This article is going to explain what succession planning is and how it can be applied to your business.
After reading this guide, you will have a strong idea of creating or improving your succession planning process and the best practices involved.
Succession planning is the process whereby you identify new leaders and develop them to take over the role of the incumbent.
For businesses to thrive, it needs to avoid moments of crisis and lack of leadership.
At some point, succession planning will help with such a situation by preparing a candidate for a planned or emergency replacement. This could be because of retirement, a new opportunity, or in the event of death.
Succession planning is your safety net to ensure that business operations can remain smooth. A robust process will help you identify key individuals who could fill leadership positions.
In the best-case scenario, you will be given advance notice when someone is going to leave. A succession plan prepares you for the worst-case scenario and no notice.
At the same time, an effective succession planning strategy will avoid any questions of succession where leadership positions are concerned.
In the monarchy, this is often resolved through the order of succession. A well-understood model that passes the office to the nearest descendant. This model is also common with family-run businesses that intend to leave the business to their children or next of kin.
In business, succession planning plays a vital role in identifying candidates to take on more challenging roles. When an important postholder departs they leave behind a void that can disrupt the company.
No matter the size of your business, a succession plan is a key to having a smooth transition.
For large corporations, it will typically fall to the CEO and the board of directors to oversee the succession plans. They will evaluate employees to identify leadership qualities and provide training for those in consideration.
Often the succession plan will look internally for candidates to take over positions. However, some companies may look to external candidates and may even employ the use of headhunters.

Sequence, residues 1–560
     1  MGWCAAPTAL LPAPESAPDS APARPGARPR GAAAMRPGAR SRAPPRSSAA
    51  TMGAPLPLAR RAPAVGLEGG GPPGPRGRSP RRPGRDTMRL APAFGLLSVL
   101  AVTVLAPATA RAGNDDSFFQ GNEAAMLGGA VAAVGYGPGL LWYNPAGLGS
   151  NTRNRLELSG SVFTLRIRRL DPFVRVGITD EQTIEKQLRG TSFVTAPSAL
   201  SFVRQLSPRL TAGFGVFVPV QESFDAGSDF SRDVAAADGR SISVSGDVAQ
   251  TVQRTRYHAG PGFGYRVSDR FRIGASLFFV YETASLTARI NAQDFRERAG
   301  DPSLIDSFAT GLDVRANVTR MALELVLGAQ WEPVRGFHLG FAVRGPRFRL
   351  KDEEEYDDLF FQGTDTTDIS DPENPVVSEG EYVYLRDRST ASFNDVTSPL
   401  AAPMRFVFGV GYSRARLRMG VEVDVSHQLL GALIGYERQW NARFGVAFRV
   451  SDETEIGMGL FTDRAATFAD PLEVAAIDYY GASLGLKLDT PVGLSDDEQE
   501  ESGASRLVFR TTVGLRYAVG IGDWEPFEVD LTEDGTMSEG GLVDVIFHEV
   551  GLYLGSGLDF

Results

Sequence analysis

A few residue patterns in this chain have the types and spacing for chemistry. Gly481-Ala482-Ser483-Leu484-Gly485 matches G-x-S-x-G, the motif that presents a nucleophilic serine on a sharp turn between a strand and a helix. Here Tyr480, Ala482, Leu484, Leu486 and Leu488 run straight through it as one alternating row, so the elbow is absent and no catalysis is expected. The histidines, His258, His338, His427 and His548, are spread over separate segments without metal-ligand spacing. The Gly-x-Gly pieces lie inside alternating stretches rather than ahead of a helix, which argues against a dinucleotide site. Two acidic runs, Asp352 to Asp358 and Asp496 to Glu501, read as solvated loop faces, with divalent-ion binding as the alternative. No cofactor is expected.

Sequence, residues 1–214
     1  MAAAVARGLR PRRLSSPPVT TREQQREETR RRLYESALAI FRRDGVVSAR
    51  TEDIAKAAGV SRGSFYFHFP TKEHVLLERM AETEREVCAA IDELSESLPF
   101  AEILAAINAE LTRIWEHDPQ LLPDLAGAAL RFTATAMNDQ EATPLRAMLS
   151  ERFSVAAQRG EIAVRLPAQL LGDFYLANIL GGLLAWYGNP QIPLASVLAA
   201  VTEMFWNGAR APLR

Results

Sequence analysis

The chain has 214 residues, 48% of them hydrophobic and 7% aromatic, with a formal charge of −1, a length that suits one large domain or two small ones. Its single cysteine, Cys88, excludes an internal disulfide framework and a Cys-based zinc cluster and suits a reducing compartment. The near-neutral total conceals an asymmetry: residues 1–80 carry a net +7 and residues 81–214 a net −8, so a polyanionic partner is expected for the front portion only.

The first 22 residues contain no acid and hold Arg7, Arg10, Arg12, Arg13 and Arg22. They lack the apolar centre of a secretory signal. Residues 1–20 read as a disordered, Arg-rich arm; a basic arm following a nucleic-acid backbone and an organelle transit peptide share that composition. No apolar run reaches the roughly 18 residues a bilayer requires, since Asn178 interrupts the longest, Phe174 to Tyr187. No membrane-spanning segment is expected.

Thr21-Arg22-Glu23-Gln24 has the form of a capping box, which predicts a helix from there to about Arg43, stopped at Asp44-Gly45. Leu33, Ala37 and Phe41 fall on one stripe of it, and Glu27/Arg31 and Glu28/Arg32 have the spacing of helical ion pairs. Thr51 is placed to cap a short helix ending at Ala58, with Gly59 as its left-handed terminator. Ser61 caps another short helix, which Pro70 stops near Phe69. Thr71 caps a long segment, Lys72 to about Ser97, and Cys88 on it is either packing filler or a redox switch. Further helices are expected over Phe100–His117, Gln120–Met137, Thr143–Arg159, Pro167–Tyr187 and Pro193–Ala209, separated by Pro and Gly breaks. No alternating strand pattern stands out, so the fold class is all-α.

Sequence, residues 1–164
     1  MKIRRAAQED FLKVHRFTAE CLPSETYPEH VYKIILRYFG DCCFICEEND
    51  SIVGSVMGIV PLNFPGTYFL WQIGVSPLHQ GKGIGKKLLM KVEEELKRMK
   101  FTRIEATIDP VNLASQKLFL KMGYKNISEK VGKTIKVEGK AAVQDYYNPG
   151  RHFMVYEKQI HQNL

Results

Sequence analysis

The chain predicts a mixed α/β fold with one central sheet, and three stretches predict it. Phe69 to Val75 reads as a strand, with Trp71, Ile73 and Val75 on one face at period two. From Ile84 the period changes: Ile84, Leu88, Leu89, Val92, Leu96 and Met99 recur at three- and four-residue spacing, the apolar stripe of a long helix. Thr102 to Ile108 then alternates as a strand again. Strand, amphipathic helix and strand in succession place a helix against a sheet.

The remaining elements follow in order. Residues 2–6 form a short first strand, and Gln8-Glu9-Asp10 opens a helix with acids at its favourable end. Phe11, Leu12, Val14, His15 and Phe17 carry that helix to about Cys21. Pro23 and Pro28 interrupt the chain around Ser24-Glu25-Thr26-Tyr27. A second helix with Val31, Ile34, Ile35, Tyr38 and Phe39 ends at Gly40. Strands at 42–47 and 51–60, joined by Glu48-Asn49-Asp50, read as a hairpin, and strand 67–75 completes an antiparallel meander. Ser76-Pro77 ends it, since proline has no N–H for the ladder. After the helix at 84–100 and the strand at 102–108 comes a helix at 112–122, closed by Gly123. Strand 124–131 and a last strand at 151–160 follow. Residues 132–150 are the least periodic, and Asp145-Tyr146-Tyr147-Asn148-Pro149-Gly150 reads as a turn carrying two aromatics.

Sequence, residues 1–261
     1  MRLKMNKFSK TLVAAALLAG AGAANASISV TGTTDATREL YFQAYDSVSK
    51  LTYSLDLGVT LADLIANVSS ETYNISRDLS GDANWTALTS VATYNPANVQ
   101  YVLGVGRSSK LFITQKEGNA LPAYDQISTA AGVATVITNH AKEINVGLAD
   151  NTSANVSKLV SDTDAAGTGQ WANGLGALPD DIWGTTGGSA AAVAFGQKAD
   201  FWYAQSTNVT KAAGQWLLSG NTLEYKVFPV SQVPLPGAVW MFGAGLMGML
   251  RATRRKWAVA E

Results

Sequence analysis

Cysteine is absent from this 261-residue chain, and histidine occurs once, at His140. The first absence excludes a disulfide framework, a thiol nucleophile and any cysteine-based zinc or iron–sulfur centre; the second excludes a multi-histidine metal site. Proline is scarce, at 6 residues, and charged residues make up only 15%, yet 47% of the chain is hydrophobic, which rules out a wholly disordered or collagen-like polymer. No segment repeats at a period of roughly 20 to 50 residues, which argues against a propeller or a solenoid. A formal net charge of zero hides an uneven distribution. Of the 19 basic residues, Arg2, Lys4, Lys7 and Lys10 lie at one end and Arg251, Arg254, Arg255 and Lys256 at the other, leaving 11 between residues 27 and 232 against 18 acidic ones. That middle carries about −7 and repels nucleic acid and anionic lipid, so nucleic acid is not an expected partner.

Smaller-scale companies may not need a comprehensive succession plan compared to large businesses. However, there will still be a need to identify someone to take over in the event of an emergency.
Therefore it is wise to train potential successors so they are prepared to step up if the need arises.
There are two types of succession plans that should be considered. This will give your business something to fall back on in the case of an emergency.
The first type of succession plan you should consider is your long-term succession plan. This is the plan that you will more or less stick to as a standard for key positions.
A succession plan of this nature can be reevaluated and changed as the company grows. For large companies, this would be the plan that outlines the details of succession for all key positions.
A secondary emergency succession plan can also be created, where appropriate, to be deployed in the event of an emergency.
This type of plan may involve more temporary measures but is intended to keep operations running smoothly.
This could see other senior members of staff take on extra responsibilities while a replacement is sought.
Many small and medium businesses do not have a succession plan. Of those that do, some of them have only informal plans.
This can be a risk for your business as there could be unforeseen incidents that could occur such as death. It is worth creating a formal, written succession plan that is developed and easily accessible.
Here are some of the benefits for businesses of any size to create a succession plan:
When an upcoming promotion, retirement, or departure is approaching you will have the next generation of leaders ready to go.
Thanks to your succession plan the replacement will already have the skills required to take over the role.
Your succession plan can help your managers to start developing lower-level employees.
The plan helps to define clear progression routes through the company so managers can share appropriate training and information with junior staff.
Managers will also be able to start training their replacement when promotions are approaching.
Employees report higher job satisfaction when there is a succession plan at their company. This is because it helps to define routes to progressions and lowers job insecurity.
A succession plan can help employees understand what they need to do to achieve a promotion. It can help with goal-setting and giving employees a sense of direction at work.
Succession planning can help your managers to track employee progress through performance reviews.
Internal opportunities can also be quickly filled with knowledgeable employees who have been upskilled and crossed trained.
Whenever a high-ranking postholder leaves the organization it can leave shareholders feeling uneasy.
In some cases, they may look to sell their shares. A good succession plan can help keep investors on board.
For positions like CEO or CFO, the board may have had some input into the choice of successor. This will give the shareholders confidence in the company and the new postholder.
Having a strong culture of promoting from within can lead to increased company loyalty.